The Basics Of Streaming
Best Laptop For Streaming – Sticking to a schedule is an essential part of building an audience or keeping your friends engaged, and the best way to encourage that is with a bit of regularity. Choosing an exact time of day and day of the week also assistances viewers know when they should tune in to watch you. And best of all, you can explicitly indicate all this in your profile, so it’s up to you to comply. Are you thinking of joining a community of people who all love playing the same video game? Are you looking for opinions on your game strategies to improve as a player?
Or perhaps, do you aspire to achieve some fame and fortune? Whatever your reason for wanting to start streaming, services like Twitch and Mixer will celebrate because your drive is what keeps online streaming alive and kicking. You have to make sure that you reach out to your followers, even if they are few when you are planning to stream.
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What You Need To Stream?
You don’t have to set up an imposing computer to stream, as long as your current hardware meets the minimum requirements, nor do you have to buy any software. This is what you will need:
Most video games are optimized to run on a quad-core CPU. Streaming uses roughly two cores, so for best results, a machine equipped with an Intel® Core™ i7 processor or better and at least 8 GB of RAM will be enough to play and stream simultaneously. If you expect your gaming performance to improve, an Intel® Core™ i9 processor will give you an even smoother experience.
If, after several streaming sessions, you realize your hardware could use an upgrade, there are affordable options for pre-assembled PCs that are ready to stream and game simultaneously. Alternatively, you can choose a dual PC setup that allows you to game and stream simultaneously.
If you prefer to take your gaming skills on the go or don’t have much room for a monitor, case and related peripherals, a wide variety of gaming laptops can do the trick.
Before you install any streaming software, take a minute to find out the speed of your Internet connection. The stress-free way to do this is to use a speed test service like Speedtest.net, which will give you a measurement of your upload and download speeds. When you’ve done the test, your frame rate and resolution settings will depend on those numbers. Take the ‘Mbps’ figure and convert it to ‘Kbps’ to compare it to the handy Twitch or Mixer conversion table. These tables will also guide you on the streaming your equipment supports and whether it will be a full-speed action video game or a more static turn-based video game since the former requires a higher bit rate. We recommend setting a buffer with about a 500 kbps margin since you will need that minimum to connect.
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To build an online audience, you’ll need an external webcam like the ever-popular Logitech* HD Pro Webcam C920, or the Razer* Kiyo, which features a ring of light that illuminates your face. Even if you have a laptop, you should consider an external camera as built-in webcams don’t usually run at a very high frame rate and will show your stream choppy. And if you want top-notch streaming accompanied by sharp video images, consider getting a high-end camera like the Logitech 4K Pro Webcam, which supports 4K HD streaming, or a DSLR like the Canon EOS 5D Mark IV. Lighting also makes a difference here, as it helps webcams and DSLRs keep your face focused.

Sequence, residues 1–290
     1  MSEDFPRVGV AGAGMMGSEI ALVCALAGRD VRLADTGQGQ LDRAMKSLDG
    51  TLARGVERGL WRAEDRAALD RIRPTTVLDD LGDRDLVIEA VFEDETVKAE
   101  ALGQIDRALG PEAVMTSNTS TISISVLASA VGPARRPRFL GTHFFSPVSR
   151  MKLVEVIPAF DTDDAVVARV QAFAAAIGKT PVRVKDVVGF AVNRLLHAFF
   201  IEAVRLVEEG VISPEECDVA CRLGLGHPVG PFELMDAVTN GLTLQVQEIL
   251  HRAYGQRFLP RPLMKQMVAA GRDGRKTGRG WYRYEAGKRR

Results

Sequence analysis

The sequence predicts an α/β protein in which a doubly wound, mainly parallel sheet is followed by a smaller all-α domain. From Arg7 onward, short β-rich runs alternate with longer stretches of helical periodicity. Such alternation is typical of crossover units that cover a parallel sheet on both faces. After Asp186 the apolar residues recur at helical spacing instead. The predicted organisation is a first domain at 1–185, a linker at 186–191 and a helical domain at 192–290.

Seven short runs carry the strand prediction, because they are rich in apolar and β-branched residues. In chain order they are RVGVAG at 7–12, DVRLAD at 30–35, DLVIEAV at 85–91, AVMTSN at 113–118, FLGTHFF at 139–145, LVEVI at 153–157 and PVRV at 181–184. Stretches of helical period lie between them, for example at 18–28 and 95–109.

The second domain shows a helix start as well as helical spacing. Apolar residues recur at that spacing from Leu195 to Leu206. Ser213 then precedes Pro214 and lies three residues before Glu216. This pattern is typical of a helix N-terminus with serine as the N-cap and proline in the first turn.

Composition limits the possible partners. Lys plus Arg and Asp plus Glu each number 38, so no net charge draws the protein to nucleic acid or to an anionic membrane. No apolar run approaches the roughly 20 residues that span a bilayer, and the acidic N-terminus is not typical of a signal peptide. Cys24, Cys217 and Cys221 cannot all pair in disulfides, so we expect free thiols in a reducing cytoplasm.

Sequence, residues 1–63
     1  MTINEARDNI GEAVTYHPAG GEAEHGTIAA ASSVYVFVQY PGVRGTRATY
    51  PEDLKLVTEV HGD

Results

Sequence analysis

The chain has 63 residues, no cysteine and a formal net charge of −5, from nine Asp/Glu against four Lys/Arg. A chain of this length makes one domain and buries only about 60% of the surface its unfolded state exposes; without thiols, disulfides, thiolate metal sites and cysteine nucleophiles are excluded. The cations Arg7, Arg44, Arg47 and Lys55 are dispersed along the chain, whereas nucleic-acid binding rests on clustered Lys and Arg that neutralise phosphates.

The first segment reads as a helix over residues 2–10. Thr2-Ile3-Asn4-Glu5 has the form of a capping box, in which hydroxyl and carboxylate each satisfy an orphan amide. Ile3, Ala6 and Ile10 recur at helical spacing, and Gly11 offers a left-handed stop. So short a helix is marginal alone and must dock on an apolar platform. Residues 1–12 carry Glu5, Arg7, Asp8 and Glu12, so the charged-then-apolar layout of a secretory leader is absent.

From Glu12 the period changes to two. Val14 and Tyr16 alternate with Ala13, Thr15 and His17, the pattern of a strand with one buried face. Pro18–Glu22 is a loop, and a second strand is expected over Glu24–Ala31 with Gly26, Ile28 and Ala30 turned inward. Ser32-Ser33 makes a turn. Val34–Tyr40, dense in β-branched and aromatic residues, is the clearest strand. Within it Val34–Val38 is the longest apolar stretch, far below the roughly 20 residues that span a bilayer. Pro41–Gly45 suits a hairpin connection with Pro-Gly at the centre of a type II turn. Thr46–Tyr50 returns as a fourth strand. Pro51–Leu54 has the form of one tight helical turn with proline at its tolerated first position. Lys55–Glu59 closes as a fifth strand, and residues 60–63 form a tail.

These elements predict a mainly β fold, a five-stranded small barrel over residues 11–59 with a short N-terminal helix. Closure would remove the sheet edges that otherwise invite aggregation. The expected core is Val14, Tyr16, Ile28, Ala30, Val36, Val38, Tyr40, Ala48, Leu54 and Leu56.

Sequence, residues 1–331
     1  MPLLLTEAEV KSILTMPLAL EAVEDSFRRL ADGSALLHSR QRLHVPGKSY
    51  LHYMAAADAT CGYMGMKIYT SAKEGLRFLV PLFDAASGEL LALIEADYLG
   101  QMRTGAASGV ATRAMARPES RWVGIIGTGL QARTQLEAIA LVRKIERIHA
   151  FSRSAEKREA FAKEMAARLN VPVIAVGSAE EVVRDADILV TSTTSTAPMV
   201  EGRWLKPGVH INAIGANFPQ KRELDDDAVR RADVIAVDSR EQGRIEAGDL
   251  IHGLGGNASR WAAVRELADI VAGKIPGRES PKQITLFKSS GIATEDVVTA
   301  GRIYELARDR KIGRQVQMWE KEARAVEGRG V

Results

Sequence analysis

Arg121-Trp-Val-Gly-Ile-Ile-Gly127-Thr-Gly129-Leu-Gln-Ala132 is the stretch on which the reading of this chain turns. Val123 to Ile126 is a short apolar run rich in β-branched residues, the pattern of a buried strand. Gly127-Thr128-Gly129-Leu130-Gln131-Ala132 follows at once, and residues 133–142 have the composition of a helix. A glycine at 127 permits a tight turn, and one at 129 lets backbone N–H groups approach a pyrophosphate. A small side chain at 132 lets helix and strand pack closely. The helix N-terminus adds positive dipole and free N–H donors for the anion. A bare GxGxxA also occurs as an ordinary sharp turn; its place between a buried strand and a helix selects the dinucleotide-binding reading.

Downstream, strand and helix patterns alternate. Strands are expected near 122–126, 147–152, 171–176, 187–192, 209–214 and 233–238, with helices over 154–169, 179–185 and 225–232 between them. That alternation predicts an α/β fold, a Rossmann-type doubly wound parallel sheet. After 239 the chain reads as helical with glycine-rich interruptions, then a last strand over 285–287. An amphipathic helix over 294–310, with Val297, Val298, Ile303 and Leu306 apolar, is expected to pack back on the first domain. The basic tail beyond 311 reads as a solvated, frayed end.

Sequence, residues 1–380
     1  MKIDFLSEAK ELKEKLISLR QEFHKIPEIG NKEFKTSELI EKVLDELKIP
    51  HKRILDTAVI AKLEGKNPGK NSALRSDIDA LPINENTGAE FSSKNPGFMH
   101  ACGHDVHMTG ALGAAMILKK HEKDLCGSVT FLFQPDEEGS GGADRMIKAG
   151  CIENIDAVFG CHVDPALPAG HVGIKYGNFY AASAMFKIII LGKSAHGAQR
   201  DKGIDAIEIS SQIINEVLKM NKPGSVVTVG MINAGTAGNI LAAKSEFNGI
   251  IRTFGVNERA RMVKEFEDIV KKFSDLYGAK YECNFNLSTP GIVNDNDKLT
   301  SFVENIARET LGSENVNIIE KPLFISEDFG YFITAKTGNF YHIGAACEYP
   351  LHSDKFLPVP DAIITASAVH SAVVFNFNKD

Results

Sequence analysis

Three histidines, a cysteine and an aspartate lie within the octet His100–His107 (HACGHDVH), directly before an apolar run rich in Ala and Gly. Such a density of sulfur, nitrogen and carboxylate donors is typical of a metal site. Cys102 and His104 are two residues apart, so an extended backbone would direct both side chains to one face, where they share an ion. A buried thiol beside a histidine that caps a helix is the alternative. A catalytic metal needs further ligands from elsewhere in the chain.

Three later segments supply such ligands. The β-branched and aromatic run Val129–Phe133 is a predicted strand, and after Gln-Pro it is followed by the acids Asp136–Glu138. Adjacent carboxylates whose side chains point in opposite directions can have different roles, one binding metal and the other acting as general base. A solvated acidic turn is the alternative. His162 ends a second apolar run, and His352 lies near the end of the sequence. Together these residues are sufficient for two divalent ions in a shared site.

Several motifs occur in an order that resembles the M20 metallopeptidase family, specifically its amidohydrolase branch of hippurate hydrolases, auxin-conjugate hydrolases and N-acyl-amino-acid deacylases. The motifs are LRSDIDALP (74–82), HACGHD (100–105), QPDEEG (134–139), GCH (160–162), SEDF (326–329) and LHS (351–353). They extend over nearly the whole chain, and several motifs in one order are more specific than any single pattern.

Configuration Of Your Streaming
Once you’ve figured out what you want to stream and prepared all the ingredients you need to do it, it’s time to create a streaming account.
Open the service you want to stream in your browser, Twitch, YouTube, or Mixer. Create an account. When you enter a username, choose something that represents you and the content you’ll be streaming, as this will be part of your link.
Fill in the rest of the information requested by the service, such as your email and date of birth, and send the data. When you sign up, most streaming services will ask you what your favourite games are to find out what you like to watch and what you might stream.
Some Useful Troubleshooting Tips
The good thing about choosing OBS is that the development team behind the app has already put together a comprehensive list of solutions to common problems like buffering. Some helpful user diagrams highlight what’s going on for those less technically in control.
But if you don’t want to complicate your life, here are a few things to keep in mind: If you’re having bandwidth issues while streaming, use CPU power to help you stream by following the instructions we’ve already given you setup process. If the frame rate is still dropping, try streaming at lower frames per second, such as 30 frames. You don’t have to rush your games to the maximum recommended settings: in any case, lowering them will give you enough bandwidth to stream your game. If that doesn’t fix it, consider upgrading your hardware entirely – remember, an Intel® Core™ i7 processor is required better, at a minimum, to stream video games across most platforms. You can also try streaming with two computers.
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